MULHOLLAND DRIVE (2001)



Considered one of the best films of 2001, Mulholland Drive returns to Lynch's dream world in conflict with reality. Lynch wanted to turn this into a TV series, similar to Twin Peaks, because he believed a feature film would be too long.

Lynch once again used his rich colors and wonderful visuals to flesh out his characters. Again, the camera work is fantastic and the music is eerie. Mulholland Drive is one last ride before Lynch makes his drawn-out Inland Empire and then disappears from the feature film world.

Lynch knows how to direct actors. Naomi Watts and Laura Eleana Harring gave Oscar-caliber performances, but received nothing (even for their lesbian sex scene).

The film was pieced together in a way only Lynch himself can explain. He will not. He wants the audience to draw conclusions. What a genius! 
 

FADE OUT


David Lynch has been making short films in the last few years, but has anyone seen them? Now he prefers short dream sequences instead of adding a story to the sequences to create a feature.

Why is did he stop making feature films? Lynch, are you out of ideas? Lynch, you created movies. You created experiences no one will forget.

A film's purpose is to create a memorable experience for the viewer. In that sense, Lynch’s films never fail.

 
Your Comments Please

Send your comments, please: click here

About The Author

Erik Waldman My name is Erik Waldman. I am a Film/Media Arts major at Temple University in Philadelphia, Pennsylvania. Currently, I am a junior studying abroad at Foundation International Education (FIE) in Kensington.

On June 6th, 1991 I was born to Howard and Lisa Waldman in Abington, Pennsylvania. The first film I saw was The Lion King in 1994, and I have loved going to the movies ever since. Even though I was three years old, I remember having a great time watching the movie.

I attended Holland Elementary, Holland Middle School and graduated from Council Rock High School South in 2009. During my senior year at high school I took a filmmaking class and immediately fell in love with making movies. I wrote and directed two short films and I created three short commercials for an assignment. Also during my senior year I participated with the school’s choir in a tour across England and I loved every minute.

When it was time to apply for college, I wanted to go to a college that was close to home, because I love being close to my family. I wanted to major in filmmaking because I wanted to learn more about the process than I learned in one semester in high school. Temple University was my top choice because I am the fourth generation in my family to attend, the school is well known for its film program and it has a study abroad program.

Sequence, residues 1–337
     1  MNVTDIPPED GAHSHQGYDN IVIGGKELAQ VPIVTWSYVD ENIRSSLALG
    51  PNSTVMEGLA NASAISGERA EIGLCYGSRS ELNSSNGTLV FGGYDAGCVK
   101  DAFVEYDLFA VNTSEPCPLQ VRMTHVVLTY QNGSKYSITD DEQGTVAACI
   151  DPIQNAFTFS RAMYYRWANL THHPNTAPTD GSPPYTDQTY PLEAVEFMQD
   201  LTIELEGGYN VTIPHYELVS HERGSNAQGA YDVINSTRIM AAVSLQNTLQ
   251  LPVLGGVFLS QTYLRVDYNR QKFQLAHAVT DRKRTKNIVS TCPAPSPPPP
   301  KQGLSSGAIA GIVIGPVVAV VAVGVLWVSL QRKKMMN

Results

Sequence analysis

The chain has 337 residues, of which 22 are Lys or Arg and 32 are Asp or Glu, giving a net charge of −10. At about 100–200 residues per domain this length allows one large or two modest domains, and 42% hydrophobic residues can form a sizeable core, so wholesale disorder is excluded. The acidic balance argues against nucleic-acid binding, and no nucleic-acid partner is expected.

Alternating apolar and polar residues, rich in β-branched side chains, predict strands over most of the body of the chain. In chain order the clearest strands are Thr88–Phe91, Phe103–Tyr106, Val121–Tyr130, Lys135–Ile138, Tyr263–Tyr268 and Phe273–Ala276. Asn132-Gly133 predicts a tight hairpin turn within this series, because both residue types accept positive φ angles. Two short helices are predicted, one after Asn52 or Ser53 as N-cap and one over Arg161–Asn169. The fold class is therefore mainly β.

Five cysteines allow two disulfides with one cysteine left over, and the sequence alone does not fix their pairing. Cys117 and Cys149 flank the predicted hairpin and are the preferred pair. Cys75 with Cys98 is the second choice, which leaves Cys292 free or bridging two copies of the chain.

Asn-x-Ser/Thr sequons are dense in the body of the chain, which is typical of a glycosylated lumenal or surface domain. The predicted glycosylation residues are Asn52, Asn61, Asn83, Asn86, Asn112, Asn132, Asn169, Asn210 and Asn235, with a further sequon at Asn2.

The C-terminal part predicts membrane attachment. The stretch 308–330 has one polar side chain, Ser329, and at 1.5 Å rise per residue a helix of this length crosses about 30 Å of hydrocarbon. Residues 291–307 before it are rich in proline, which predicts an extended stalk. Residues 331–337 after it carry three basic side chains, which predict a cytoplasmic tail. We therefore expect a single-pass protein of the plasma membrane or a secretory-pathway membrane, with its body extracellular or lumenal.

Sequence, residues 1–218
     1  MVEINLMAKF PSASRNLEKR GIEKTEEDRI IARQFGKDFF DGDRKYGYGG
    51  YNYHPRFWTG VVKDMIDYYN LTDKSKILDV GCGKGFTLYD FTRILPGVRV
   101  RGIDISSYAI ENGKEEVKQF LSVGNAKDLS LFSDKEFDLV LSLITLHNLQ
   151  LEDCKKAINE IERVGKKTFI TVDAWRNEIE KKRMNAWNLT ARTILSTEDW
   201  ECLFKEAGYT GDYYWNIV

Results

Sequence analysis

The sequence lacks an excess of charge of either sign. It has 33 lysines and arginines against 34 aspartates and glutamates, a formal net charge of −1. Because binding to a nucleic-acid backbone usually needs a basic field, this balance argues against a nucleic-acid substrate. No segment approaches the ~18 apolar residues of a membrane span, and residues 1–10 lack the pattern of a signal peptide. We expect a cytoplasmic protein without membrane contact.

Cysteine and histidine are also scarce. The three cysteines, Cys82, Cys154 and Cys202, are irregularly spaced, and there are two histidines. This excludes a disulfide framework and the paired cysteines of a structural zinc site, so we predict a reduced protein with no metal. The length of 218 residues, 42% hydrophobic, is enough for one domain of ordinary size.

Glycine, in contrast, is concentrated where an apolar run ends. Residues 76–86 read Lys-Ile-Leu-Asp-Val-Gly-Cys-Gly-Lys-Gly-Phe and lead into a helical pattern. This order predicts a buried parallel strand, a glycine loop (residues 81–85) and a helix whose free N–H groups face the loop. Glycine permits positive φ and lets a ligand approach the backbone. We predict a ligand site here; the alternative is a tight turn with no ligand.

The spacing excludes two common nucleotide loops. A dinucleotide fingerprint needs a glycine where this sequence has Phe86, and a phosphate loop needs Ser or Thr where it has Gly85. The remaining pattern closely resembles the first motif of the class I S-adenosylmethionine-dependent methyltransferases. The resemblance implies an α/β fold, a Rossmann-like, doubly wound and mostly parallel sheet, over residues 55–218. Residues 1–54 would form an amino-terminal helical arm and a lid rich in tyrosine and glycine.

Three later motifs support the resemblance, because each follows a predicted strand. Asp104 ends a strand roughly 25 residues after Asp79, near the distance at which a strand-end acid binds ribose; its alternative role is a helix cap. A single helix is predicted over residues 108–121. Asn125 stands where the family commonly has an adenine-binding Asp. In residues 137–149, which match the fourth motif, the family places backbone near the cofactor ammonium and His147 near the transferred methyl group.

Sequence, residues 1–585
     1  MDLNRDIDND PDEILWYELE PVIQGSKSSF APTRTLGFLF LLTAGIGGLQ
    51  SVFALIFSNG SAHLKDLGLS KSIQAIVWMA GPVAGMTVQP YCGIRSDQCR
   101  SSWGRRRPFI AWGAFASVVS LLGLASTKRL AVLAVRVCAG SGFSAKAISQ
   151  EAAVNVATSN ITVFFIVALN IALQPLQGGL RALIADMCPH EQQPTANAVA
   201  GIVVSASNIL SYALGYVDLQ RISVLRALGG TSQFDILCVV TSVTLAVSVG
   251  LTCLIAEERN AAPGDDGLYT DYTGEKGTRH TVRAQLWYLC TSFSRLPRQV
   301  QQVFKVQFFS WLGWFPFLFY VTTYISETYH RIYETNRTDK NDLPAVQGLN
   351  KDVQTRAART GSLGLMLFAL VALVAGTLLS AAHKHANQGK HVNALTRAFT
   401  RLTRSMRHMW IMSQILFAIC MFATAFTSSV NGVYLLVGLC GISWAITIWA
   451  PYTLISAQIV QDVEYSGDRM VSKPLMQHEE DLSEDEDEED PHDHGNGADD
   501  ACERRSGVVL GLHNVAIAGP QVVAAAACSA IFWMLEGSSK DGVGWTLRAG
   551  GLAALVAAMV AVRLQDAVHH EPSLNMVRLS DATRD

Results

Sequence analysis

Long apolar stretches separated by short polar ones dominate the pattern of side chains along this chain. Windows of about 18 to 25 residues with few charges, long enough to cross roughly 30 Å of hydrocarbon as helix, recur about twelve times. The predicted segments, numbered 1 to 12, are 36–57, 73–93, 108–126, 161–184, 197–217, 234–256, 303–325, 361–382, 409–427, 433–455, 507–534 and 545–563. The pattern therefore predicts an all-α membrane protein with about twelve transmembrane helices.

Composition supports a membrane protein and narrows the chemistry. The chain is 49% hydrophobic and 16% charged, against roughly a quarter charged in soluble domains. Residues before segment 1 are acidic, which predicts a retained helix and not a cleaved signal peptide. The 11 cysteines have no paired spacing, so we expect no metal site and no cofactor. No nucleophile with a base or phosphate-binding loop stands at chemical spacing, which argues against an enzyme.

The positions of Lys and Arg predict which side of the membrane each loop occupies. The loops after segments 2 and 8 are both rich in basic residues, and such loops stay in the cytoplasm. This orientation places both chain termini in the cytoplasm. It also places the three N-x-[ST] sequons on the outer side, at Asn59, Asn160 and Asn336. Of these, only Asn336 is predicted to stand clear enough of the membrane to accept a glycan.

After two and half years attending Temple, I love the school and its film program, because the professors know exactly what they’re talking about and making the movies has been a blast. I’ve loved writing and directing five short films since my freshman year at Temple.

I applied for study abroad in London after my sophomore year ended because I wanted a new experience to cherish for the rest of my life and to return to England. I was happy to learn I was able to apply for an internship during my stay in England.

I applied to Raindance Film Festival, because Raindance has an amazing history of screening famous directors’ films, such as those of my favourite filmmaker, Christopher Nolan, and they have film classes I would love to attend to learn something I have not yet learned at Temple. A film festival is a great place to start meeting people who in the film business and it’s an amazing experience to write about on a resume.

Since January 5th, England has been fantastic. I’ve been exploring London a lot since my arrival and I’m picking up the culture a lot faster than I thought I would. I’ve walked around Hyde Park, Piccadilly Circus, Westminster, Bath, Stonehenge and more. I know there’s a lot more to look forward to, including a football match I’m attending on St. Patrick’s Day, Greenwich, the London Eye, my trip to Dublin, and possibly attending some concerts while I’m here. I feel very happy being in the United Kingdom and I can’t wait to see what else it has to offer. 

Subscribe to our free weekly newsletter
Watch independent shorts, features and documentaries on www.raindance.tv
Submission details to Raindance Film Festival
Visit us on Twitter for daily tips and updates 


© 2012 Raindance Ltd.
Reproduction of this article without written permission is strictly forbidden. For information on reprint rights please email info@raindance.co.uk

Where is David Lynch?